Disposing of gray water is one of the biggest challenges you’ll face when boondocking in the wild. If you’re like most RV’ers, you’ll generate far more gray water than black water. Fortunately, there are several ways to limit the amount of gray water you generate and the amount of fresh water you consume. “Navy showers” and the use of paper plates and plastic forks are two of the most effective ways to do this. Another trick is to catch shower water runoff and dish water in small tubs and use this water to flush your toilet. Employing this trick not only conserves fresh water–always an important consideration–but also saves room in your gray water tank.
Regulations for the dumping of your gray water varies by state. Some states allow it, some don’t and some have regulations that lie somewhere in the middle. In Arizona, for example, shower water or “wash” water is legal to dump while kitchen water, which is classified as sewage, is not. But federal organizations can sometimes impose even stricter regulations. For instance, the Bureau of Land Management (BLM), now prohibits the dumping of any kind of gray water in the areas they manage. Confusing matters further is the fact that state regulations sometimes takes precedence over federal rules and vice versa. As an example, below are the rules for boondocking or dispersed camping in the Coconino National Forest from the official website (note the state and federal laws cited):
- Generally, there is a 14-DAY PER MONTH STAY LIMIT (14 days in a 30-day period – Forest Order #04-99-08-R) on the Coconino National Forest. Please note that there are some exceptions where the limit is less than fourteen days. Establishing residency is against federal regulation.
- No camping or campfires on the forest within city limits.
- Do not camp on private property unless you have the owner’s permission.
- No camping within one-fourth mile of a wildlife watering tank/hole. (Arizona Revised Statutes § 17-308: “It is unlawful for a person to camp within one-fourth mile of a natural water hole containing water or a man-made watering facility containing water in such a place that wildlife or domestic stock will be denied access to the only reasonably available water.”)
- Camp at least one mile from a pay (designated) campground or established (developed) recreation area, or as posted.
- Please do not camp in or drive through open meadowland due to the scarring effect it causes.
- Down and dead firewood may be gathered around your camping area for use at your campsite but it is illegal to load wood in a vehicle to take out of the Forest without a special permit. (You may not cut standing trees nor can you cut limbs off of standing trees.)
- Campfires can cause lasting impacts to the backcountry.
- Use a lightweight stove for cooking and enjoy a candle lantern for light.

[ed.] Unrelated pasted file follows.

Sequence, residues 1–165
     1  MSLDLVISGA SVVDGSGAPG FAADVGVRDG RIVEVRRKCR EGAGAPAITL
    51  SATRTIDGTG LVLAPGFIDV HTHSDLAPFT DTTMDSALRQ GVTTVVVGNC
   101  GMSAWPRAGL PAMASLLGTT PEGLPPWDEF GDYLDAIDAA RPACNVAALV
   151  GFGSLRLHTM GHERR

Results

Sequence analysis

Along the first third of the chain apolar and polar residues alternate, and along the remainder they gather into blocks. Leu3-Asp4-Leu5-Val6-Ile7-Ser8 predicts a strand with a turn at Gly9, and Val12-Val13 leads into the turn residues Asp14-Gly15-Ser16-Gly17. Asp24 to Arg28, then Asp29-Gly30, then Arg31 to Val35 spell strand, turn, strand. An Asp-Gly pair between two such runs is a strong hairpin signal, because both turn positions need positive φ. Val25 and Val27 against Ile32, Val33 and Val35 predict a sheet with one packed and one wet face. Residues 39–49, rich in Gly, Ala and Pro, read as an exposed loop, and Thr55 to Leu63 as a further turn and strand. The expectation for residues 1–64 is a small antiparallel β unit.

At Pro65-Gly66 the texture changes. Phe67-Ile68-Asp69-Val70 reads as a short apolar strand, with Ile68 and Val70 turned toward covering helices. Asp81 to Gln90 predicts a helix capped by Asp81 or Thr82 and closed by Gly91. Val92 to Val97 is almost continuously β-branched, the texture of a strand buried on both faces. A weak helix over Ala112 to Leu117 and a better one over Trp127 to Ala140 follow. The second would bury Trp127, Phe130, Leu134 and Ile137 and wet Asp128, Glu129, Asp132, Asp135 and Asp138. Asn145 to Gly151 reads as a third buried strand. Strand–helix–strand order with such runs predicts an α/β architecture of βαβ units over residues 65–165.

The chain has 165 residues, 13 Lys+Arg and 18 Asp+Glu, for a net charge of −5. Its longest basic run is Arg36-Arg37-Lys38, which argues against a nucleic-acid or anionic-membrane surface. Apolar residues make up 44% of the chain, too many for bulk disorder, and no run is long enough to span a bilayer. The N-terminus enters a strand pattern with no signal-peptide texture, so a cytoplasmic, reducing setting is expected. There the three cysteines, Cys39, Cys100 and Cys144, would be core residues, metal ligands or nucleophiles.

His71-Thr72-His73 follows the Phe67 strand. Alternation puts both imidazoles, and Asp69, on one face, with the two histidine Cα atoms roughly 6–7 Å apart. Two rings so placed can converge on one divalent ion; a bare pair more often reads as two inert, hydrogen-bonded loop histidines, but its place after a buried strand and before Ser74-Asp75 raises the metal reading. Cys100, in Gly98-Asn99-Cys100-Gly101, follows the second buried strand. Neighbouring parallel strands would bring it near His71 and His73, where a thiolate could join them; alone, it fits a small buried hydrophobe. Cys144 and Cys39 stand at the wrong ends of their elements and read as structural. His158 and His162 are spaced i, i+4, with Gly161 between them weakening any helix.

- Where fires are permitted, use established fire rings, fire pans, or mound fires.
- Keep fires small. Only use sticks from the ground that can be broken by hand.
- Burn all wood and coals to ash, put out campfires completely, then scatter cool ashes.
- Camp 200 feet from the main roadway, 20 feet from forest road, behind the county or state right-of-way fence.
- Always use the pack-in/pack-out method for the disposal of litter to keep your Forest clean.
- Please use a digging tool to bury all human and pet waste at least 6 to 7 inches deep.
- Pets are welcome in most areas but must be kept leashed at all times.
- Always practice “Leave No Trace” Outdoor Ethics.
- Please dispose of all garbage, including any paper, can, sewage, waste water or material, or rubbish either by removal the site or area, or by depositing it into receptacles or at places provided for such purposes. Failure to do so can result in a fine. Please see Title 36 of the Code of Federal Regulations, Subpart A, 261.11(d), under “Sanitation.”
Are you confused now more than ever after reading the above? You’re not alone. Rule 11 says you can bury human and pet waste, yet Rule 14 says you must properly dispose of sewage at places provided for such purposes. Personally, I would never dump black water or bury human waste at a campsite, but would have no qualms watering a thirsty bush or tree with gray wash water applying the Leave No Trace ethics listed in the link above. The bottom line is to use common sense and apply the Golden Rule when it comes to boondocking–leave the site in the condition you would expect if you were arriving at that site for the first time.
So where are the prime boondocking locations in the great state of Arizona? Fortunately for those who like to boondock, a large percentage (44 percent) of the state is comprised of federal land where you can camp. Areas open for boondocking include those managed by the BLM and the USFS (national parks, like the Grand Canyon and the Saguaro National Park, don’t allow boondocking and restrict camping at campgrounds only). During the hot summer months it’s best to camp in the higher elevations above 7,000 ft where it’s cooler and that basically limits you to the national forests. Conversely, during the winter and early spring, the lower elevation desert areas found on BLM land, like Quartzsite, are where you’ll want to boondock to avoid snow.
You should be aware that the US Forest Service has implemented new travel management rules. These have been implemented primarily to curb the damage caused by reckless OHV owners, so these new rules affect motor vehicle use only. These rules state that you can boondock up to 300 ft on forest roads designated for dispersed camping. On those routes not designated as such you are permitted to park one vehicle length (about 30 ft) from the road. No restrictions exist for tent camping unless signs specifically prohibit overnight camping. More links to Arizona boondocking (dispersed camping) opportunities are provided below: